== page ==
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Fundamental Study on Application of Ultrasonic Velocimetry to Molten Glass

[+] Author Affiliations
Tomonori Ihara, Nobuyoshi Tsuzuki, Hiroshige Kikura

Tokyo Institute of Technology, Tokyo, Japan

Paper No. ICONE22-30695, pp. V02BT09A016; 8 pages
doi:10.1115/ICONE22-30695
From:
  • 2014 22nd International Conference on Nuclear Engineering
  • Volume 2B: Thermal Hydraulics
  • Prague, Czech Republic, July 7–11, 2014
  • Conference Sponsors: Nuclear Engineering Division
  • ISBN: 978-0-7918-4591-2
  • Copyright © 2014 by ASME

abstract

This paper describes fundamental study intended to apply ultrasonic velocimetry to molten glass. Buffer rod is employed to transmit ultrasound into molten glass. Several ceramics are tested for capability, which regards transmission characteristic and corrosion resistance. Among tested materials, mullite provides perfect wetting with a borosilicate glass and highest transmission ratio. Trailing echo level, which is the level of spurious signal arouse inside buffer rod, is evaluated both numerically and experimentally. Trailing echo level can be improved by using higher frequency of ultrasound. Acoustic field after buffer rod is investigated. Measurement near the buffer rod surface should be avoided due to ununiformed pressure distribution as a normal planner ultrasonic transducer has. Ultrasonic beam become sharp due to absorption on the side wall when buffer rod is equipped. Sound speed in the molten glass is obtained from 1000 °C to 1200 °C. Obtained values are almost constant within this temperature range although small negative slope is observed against temperature. Attenuation coefficient of ultrasound in the molten glass is also measured. The coefficient is well modelled to temperature dependent exponential function. Finally, application of velocimetry via buffer rod is demonstrated. From velocity profiles, maximum measurable range is investigated. Experimental results suggest that velocimetry measurement can be done unless ultrasound energy is attenuated to trailing echo level.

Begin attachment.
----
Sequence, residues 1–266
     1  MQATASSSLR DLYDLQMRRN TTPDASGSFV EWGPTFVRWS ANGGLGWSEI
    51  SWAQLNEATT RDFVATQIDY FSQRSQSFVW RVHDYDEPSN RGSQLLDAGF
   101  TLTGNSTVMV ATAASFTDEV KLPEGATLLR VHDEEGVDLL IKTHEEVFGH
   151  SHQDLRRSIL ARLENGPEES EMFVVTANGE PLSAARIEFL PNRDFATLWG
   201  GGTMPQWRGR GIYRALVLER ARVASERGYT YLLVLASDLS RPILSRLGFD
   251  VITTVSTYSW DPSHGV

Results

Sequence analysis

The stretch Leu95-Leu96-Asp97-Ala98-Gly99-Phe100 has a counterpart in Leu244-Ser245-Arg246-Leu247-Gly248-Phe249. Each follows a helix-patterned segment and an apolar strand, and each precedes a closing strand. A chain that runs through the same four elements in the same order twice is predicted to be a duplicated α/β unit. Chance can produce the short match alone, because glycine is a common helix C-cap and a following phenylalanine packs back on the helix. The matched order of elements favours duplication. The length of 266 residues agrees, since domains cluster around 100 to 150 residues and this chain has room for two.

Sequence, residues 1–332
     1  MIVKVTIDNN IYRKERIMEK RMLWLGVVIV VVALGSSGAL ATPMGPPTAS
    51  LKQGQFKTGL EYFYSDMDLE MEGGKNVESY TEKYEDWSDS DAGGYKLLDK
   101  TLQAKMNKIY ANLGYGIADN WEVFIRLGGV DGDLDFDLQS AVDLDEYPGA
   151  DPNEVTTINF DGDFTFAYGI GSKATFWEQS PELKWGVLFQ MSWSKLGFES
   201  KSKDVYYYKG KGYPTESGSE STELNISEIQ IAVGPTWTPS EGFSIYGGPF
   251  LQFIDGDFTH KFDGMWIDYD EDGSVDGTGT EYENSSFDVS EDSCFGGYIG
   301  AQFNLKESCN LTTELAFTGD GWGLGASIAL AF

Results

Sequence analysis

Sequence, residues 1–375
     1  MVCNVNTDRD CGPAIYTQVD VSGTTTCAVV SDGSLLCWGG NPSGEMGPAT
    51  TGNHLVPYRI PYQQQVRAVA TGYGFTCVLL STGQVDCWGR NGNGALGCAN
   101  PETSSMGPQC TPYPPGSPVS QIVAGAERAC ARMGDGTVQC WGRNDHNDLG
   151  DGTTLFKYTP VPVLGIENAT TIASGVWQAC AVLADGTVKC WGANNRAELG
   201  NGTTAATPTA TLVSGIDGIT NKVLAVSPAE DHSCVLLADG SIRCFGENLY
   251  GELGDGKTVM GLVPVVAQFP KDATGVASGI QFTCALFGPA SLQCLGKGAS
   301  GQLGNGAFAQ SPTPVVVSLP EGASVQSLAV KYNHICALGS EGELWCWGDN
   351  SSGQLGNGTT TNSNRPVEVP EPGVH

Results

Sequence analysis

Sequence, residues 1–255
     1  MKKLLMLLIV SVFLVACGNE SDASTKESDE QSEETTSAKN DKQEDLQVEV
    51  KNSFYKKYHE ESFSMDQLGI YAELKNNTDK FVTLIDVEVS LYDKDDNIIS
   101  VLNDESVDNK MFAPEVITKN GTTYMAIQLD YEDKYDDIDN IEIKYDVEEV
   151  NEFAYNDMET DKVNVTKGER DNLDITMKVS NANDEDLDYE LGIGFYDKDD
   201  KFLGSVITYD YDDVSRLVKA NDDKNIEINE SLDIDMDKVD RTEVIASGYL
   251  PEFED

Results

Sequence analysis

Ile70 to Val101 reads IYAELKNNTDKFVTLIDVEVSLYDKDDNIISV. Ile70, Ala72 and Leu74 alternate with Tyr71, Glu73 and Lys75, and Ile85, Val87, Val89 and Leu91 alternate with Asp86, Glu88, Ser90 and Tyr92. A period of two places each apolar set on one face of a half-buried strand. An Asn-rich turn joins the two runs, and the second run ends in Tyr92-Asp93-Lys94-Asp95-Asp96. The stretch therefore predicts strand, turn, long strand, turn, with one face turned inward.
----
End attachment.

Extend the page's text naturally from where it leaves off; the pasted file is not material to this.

Copyright © 2014 by ASME
Topics: Glass

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